Arriving with little fanfare, DJ EZ took up the decks swiftly after, capitalizing on the portion of the crowd still present from Stormzy by busting out the likes of ‘That’s Not Me’, and ‘Feed Em to The Lions’. EZ had the crowd clamoring for more as he worked his way into some garage and two step. In the latter half of his set I was surprised to hear, the Totenham rasied DJ mixing in the likes of Jack U, but examples like this only serve to illustrate the DJ’s technical finesse as he rapidly flicked between genres with precision playing to the crowd’s appetite.

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Like Knife Party, Nero tackled their busy international schedule with a divide and conquer approach and, of the two London born producers, we got the one with the hat. Having last seen Nero nearly four years ago at Reading Festival in 2011, just before their single Promises hit UK Number 1, I was keen to see if their sound still had the same impact it did then. Sadly the offering wasn’t as memorable. An early run through of Nero hits opened up the rest of the playtime to be taken in a more interesting direction, but apart from an inspired mashup of ‘Must Be The Feeling’ with Justice’s ‘Genesis’ and a bouncy breakbeat edit of ‘Doomsday’, the best we got was yet another spin of ‘House Every Weekend’, followed by the duo’s lackluster foray into house, ‘2 Minds’.

As in their acclaimed Culture Clash performance, Rebel Sound’s arrival was heralded by a parody news report from ITV’s acclaimed newsreader, Sir Trevor McDonald, with the addition of Mutiny Festival shoutout. David Rodigan took to the stage to the sound of Max Romeo & The Upsetter’s classic ‘Chase the Devil’. As MC Rage, Shy FX and Chase & Status were all brought on in turn to similar fanfare I was worried that the DJs’ talents would be put to waste by parading around the stage whilst tracks played in the background. Thankfully once Shy FX and Chase & Status took to the decks proper, all concerns were banished entirely.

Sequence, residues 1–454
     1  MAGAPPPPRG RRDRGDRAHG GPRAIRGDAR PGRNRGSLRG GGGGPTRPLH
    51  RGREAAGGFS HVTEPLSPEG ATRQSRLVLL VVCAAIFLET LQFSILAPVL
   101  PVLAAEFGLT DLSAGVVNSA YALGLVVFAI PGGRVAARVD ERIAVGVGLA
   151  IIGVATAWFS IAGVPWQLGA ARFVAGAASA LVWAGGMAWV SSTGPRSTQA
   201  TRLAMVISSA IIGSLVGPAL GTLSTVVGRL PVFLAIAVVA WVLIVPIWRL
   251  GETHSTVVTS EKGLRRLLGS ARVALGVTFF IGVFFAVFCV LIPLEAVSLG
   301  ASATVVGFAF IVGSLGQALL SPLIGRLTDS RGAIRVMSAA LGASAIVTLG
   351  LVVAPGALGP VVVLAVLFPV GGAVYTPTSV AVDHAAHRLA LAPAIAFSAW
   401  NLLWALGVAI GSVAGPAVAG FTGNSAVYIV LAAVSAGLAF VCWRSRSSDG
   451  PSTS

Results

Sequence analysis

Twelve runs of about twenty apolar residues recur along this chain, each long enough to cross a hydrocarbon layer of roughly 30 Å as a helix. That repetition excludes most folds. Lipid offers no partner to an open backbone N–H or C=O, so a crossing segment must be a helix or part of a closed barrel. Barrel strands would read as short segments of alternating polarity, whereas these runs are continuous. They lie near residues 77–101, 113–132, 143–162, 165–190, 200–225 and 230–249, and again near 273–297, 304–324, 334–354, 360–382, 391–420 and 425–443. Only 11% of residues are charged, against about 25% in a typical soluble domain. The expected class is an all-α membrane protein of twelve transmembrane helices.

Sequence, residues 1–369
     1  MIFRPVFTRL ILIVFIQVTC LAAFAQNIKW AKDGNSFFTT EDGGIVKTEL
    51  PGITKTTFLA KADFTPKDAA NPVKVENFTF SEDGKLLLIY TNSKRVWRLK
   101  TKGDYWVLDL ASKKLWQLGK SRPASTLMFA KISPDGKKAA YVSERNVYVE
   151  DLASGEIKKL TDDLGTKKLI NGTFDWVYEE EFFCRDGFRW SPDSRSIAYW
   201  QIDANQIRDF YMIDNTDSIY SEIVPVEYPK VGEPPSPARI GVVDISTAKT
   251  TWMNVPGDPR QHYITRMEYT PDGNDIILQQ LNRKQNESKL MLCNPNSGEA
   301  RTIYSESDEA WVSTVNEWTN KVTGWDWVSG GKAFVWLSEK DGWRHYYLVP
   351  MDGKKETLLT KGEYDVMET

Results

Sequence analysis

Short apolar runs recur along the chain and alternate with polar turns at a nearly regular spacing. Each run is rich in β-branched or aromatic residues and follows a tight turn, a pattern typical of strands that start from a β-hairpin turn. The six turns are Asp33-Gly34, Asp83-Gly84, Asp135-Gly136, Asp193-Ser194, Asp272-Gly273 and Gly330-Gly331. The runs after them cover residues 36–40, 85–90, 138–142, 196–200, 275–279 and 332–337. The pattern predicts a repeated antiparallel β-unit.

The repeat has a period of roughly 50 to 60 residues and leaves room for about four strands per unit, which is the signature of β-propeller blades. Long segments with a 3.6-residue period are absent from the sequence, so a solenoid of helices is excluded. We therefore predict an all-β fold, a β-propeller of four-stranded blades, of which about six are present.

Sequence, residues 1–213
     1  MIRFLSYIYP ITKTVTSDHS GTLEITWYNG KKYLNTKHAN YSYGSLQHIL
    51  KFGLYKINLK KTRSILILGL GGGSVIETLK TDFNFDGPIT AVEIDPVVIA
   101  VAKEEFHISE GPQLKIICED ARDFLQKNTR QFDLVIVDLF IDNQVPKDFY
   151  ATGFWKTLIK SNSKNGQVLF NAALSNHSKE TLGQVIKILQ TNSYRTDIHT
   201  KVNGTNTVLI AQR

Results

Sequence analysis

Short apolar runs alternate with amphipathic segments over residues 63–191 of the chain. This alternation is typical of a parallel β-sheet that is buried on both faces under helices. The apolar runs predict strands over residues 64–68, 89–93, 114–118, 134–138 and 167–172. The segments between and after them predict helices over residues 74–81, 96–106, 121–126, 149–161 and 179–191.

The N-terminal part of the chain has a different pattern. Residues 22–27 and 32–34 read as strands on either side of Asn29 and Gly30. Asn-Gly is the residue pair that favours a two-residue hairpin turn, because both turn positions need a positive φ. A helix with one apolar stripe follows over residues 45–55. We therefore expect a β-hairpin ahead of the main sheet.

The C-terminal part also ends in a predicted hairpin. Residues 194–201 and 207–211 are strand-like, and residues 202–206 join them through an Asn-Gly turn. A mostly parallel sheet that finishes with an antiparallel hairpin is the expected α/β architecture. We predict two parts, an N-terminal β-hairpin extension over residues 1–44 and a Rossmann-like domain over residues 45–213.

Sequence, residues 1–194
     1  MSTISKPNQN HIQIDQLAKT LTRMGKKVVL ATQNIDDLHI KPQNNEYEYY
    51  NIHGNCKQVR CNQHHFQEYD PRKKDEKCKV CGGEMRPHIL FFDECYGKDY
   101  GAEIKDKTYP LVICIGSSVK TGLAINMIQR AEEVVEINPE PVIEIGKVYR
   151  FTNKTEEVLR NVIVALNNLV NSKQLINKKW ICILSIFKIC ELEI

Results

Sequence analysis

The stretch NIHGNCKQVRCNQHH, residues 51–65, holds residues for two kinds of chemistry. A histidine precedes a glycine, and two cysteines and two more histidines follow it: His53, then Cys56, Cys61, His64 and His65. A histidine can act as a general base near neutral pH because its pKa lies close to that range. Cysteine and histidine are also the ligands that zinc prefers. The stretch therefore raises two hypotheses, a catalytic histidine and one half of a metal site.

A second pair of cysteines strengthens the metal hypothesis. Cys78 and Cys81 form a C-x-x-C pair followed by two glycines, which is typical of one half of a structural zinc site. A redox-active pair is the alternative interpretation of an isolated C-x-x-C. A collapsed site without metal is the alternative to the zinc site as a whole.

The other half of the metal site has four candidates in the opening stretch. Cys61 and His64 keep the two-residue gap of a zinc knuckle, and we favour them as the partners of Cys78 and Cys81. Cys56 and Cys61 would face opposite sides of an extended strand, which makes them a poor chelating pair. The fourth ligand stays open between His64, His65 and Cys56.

Hearing Chase & Status’ most recent material from Brand New Machine alongside some of the classics that influenced it made me appreciate production of the record a lot more. Undoubtledly the duo’s tracks provided some of the best moments of the set, ‘Eastern Jam’ being a prime example, however, Rebel Sound was far more than just a glorified Chase & Status performance as sceptics may dismiss it.

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The set in its entirety was one of the most engaging of the weekend as Rodigan narrated the journey through Rebel Sound’s heritage, which was kept fresh all the while as contacts were flexed to provide some entertaining Rebel Sound shoutouts across a breadth of dubplates that ranged from a General Levy laying down ‘Rebel Sound is Massive’, on M Beat’s jungle classic ‘Incredible’ to Meridian Dan offering ‘Rebel Sound In a German Whip’. Rodigan’s superior efforts as a hype man, left MC Rage’s input as rather redundant. Overall Rebel Sound’s proved themselves a must see act with a set punctuated with standout moments, one of the best segments being ‘No Problem’ mashed up with ‘Original Nuttah’, followed by a seamless mix into Dimension’s ‘Whip Slap’.

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The festival was closed by a packed Crow’s Nest tent as Preditah captured the sounds of the day with more staple BBK tracks, as well as some dirtier basslines and classic dubstep like ‘Benga & Coki’s Night’. Afterwards Oneman took up the decks, picking up where Preditah left off playing tracks that suited the mood but retained his own distinctive fingerprint, proving again his reputation as faultless selector.

Mutiny had a lot to offer for a festival in only its second year. I was initially a little skeptical as to how the Fontwell Park Racecourse would fare as a site, however the space was very effectively managed and utilized to it maximum potential, allowing numerous different stages to all other something a little different both musically and visually. There really was something happening around every corner. With news that Mutiny returning to Portsmouth for its 2016 outing it will be interesting to see what direction organizers take the festival; hopefully the site change won’t impede its growth.

7.4 Impressive

Mutiny was a real show of force for the Southcoast, bringing some commendable bookings and exceeding expectations.

  • PRE EVENT COMMUNICATION 7
  • AT EVENT COMMUNICATION 8
  • TRAVEL TO THE FESTIVAL 8
  • ARRIVAL AT THE FESTIVAL 8
  • "FESTIVAL EXPERIENCE" 9
  • TOILETS 7
  • SECURITY & CROWD CONTROL 6
  • ALL-WEATHER PLANNING 7
  • CREATIVE CONTENT 7
  • DJ/ARTIST LINE-UP 8
  • DISABLED ACCESS 6
  • FOOD 6
  • BARS & DRINKS 7
  • CLEANLINESS 5
  • SIZE/SCALE 9
  • AFTER-HOURS ENTERTAINMENT 10
  • VALUE FOR MONEY 7
  • TECHNICAL SPECIFICATION 9
  • SOUND QUALITY 7
  • LIGHTING/EFFECTS/PYRO 9
  • EXTRA ATTRACTIONS/ACTIVITIES 7
  • LOCAL SCENE CONNECTION 9
  • GREEN/RECYCLING 5